Tonight, I installed QNX 6.5 on my new PC that I bought just a few weeks ago. It isn’t top of the line, but it’s more than adequate for daily Internet and office stuff, and even a little gaming and compiling. And while I know that QNX isn’t the fastest operating system in the world due to its realtime nature, I was more than a little underwhelmed by its performance—especially for development.
First things first, it took a good 30 minutes to install. Now don’t get me wrong, I’m a patient guy, especially when dealing with things like AIX or Solaris. But Windows 7, which is easily ten times the size of QNX, installs in the same amount of time. Unless the install packages are compressed with some new, ultra-complex algorithm that a second-generation Core i5 can’t handle, there’s no excuse for this. I suspect that QSS has simply neglected to enhance its install routine beyond i386.
Once it booted, QNX thought that it was running on a 1.4 GHz Pentium III. Except that I’m running a 2.5 GHz Intel Core i5-2405S. I can’t imagine what kind of chip I’d have to run to make QNX think it was running faster than 2 GHz. There’s no emulation going on, so am I missing something? Or have the QNX’s developers only done enough to get QNX to run on new hardware but not actually recognize it? Between QNX’s inability to recognize a processor and the slow install process, there doesn’t seem to be a whole lot of optimization going on with this operating system.
I’ll forego commenting on QNX’s bare-bones user interface, minimal unix utility support, and its outdated apps and just get into daily usage performance. Reading email and browsing the web—when not challenged by a lack of support for the latest web technologies—are all fairly fast. I would never call QNX a racehorse, but playing MP3s while checking news in the morning runs fairly smoothly. Just remember to visit websites that don’t depend on Flash, HTML5, or CSS3 and you’re good to go. But so much for the mundane, end-user stuff.
What we’re all really interested in is development, since QNX has only been really been offered for the last decade as a development platform for itself. Hence my new Core i5 system, hence the outdated end-user apps, hence the slow crawl between QNX 6.4 and QNX 6.5. Anyway, I digress. Programming for QNX is one thing: it’s small, efficient, and pervasively customizable. Don’t like the TCP/IP stack? Write one yourself and run it. It’s all modular, and all the Neutrino kernel does is boot and pass messages.
But in the end we all have to compile these bright ideas, and this is where QNX development falls down. The QNX Momentics development suite performance is terrible. I mean downright slow, like a confused snail in the middle of an ice-age. Every chance you make to a project takes forever to write, and, relatively speaking, compiling takes forever. The sad fact about this is that nothing has changed in this department since QNX 6.4, or QNX 6.3, or… Well, you get it.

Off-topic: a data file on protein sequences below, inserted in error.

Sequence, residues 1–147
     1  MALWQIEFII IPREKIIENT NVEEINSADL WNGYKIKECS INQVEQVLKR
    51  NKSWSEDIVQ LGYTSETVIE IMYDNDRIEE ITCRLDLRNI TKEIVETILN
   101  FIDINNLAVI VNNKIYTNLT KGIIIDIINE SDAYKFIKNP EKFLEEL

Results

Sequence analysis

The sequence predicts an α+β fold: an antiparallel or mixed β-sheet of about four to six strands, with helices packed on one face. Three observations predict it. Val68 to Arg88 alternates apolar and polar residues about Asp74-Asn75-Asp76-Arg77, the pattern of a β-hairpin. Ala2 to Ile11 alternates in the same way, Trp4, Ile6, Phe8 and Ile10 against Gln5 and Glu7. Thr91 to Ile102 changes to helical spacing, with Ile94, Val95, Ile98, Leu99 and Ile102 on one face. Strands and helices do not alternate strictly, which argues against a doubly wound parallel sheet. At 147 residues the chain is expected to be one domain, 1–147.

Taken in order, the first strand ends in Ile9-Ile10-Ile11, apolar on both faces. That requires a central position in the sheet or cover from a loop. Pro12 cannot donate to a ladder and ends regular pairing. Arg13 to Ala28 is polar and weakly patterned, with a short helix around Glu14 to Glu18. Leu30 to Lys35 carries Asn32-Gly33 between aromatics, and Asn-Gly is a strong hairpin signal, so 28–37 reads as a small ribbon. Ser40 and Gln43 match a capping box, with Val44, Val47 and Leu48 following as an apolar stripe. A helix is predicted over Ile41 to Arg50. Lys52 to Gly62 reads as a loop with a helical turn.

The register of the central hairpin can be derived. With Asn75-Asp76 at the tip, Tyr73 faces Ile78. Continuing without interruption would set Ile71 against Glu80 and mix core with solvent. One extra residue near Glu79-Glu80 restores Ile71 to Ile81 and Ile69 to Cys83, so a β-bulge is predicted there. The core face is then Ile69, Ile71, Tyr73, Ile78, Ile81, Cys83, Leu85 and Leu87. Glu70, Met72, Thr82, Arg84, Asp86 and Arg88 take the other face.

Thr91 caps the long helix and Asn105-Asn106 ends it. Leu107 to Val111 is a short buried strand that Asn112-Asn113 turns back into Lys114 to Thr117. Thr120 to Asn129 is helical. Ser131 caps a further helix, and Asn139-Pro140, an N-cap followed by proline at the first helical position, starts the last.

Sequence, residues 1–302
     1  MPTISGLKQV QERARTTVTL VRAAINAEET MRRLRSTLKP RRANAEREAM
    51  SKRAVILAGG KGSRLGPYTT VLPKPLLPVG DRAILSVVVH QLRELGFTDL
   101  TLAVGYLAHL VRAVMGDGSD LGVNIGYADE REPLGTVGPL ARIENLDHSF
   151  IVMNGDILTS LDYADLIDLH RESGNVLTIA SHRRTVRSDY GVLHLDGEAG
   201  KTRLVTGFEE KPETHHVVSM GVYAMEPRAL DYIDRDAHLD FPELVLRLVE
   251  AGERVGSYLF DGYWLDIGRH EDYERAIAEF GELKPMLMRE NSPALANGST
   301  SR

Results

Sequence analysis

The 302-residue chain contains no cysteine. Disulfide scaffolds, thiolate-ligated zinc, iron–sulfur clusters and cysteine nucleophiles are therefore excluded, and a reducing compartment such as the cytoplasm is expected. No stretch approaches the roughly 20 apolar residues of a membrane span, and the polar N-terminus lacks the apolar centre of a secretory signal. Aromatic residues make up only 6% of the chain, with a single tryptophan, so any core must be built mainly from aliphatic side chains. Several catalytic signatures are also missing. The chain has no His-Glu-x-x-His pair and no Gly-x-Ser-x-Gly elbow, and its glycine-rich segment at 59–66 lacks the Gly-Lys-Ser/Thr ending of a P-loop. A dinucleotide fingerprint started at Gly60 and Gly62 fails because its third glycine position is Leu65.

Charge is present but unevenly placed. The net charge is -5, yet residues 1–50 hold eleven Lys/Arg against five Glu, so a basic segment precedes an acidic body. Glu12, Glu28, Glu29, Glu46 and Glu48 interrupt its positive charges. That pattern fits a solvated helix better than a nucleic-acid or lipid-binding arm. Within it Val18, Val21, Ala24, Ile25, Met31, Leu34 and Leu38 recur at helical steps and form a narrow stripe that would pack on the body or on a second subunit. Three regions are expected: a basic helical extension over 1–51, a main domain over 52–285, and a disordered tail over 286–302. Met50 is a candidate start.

Hardware companies are constantly putting faster chips and QNX always seems to lag the same on them. This blows my mind, because this means that they’re either making changes that chew up performance but offer no new features, or that there is something inherently wrong with QNX that negates faster performance per clock.
This would be like Windows XP running the same on a Pentium as it would on a Pentium 4. So I have to guess in the end that while QSS might be changing QNX version numbers, what we’re essentially getting is the same operating system with updated drivers. In the very least, there aren’t any new end-user or developer features.
Now here’s the kicker: we’ve all seen RiM consolidating its operating systems into QNX with BBX. Why not bring some of that to the base QNX development platform so we can pretend that we’re at least in the 21st century? We could benefit from a spectacular interface competitive with Mac OS X/iOS nexus and, presumably, some tweaked hardware support. QSS did this in the late Nineties while building a QNX-based Amiga OS and came out with its first desktopable operating system. Why not bring some of the development from BlackBerry back into the fold?
I hate to be negative, but as a service to other serious computer users out there, don’t install QNX 6.5 unless you already depend on QNX and want to make sure you have whatever relevant updates it might include. You won’t get a performance boost, and you don’t get any modern technology. We should probably be running something called QNX 6.3.8 instead of 6.5; it’s just some tweaking to the same old thing instead of actual steps forward with features and hardware support.
Unless this new RiM-owned QSS will do things differently than the last few incarnations of the company, we’ll some platform-specific development kits and really awesome new devices without any of it filtering back into QNX itself. Oh well. If QNX 6.6 doesn’t do it, maybe the inevitable 64-bit kernel rewrite will.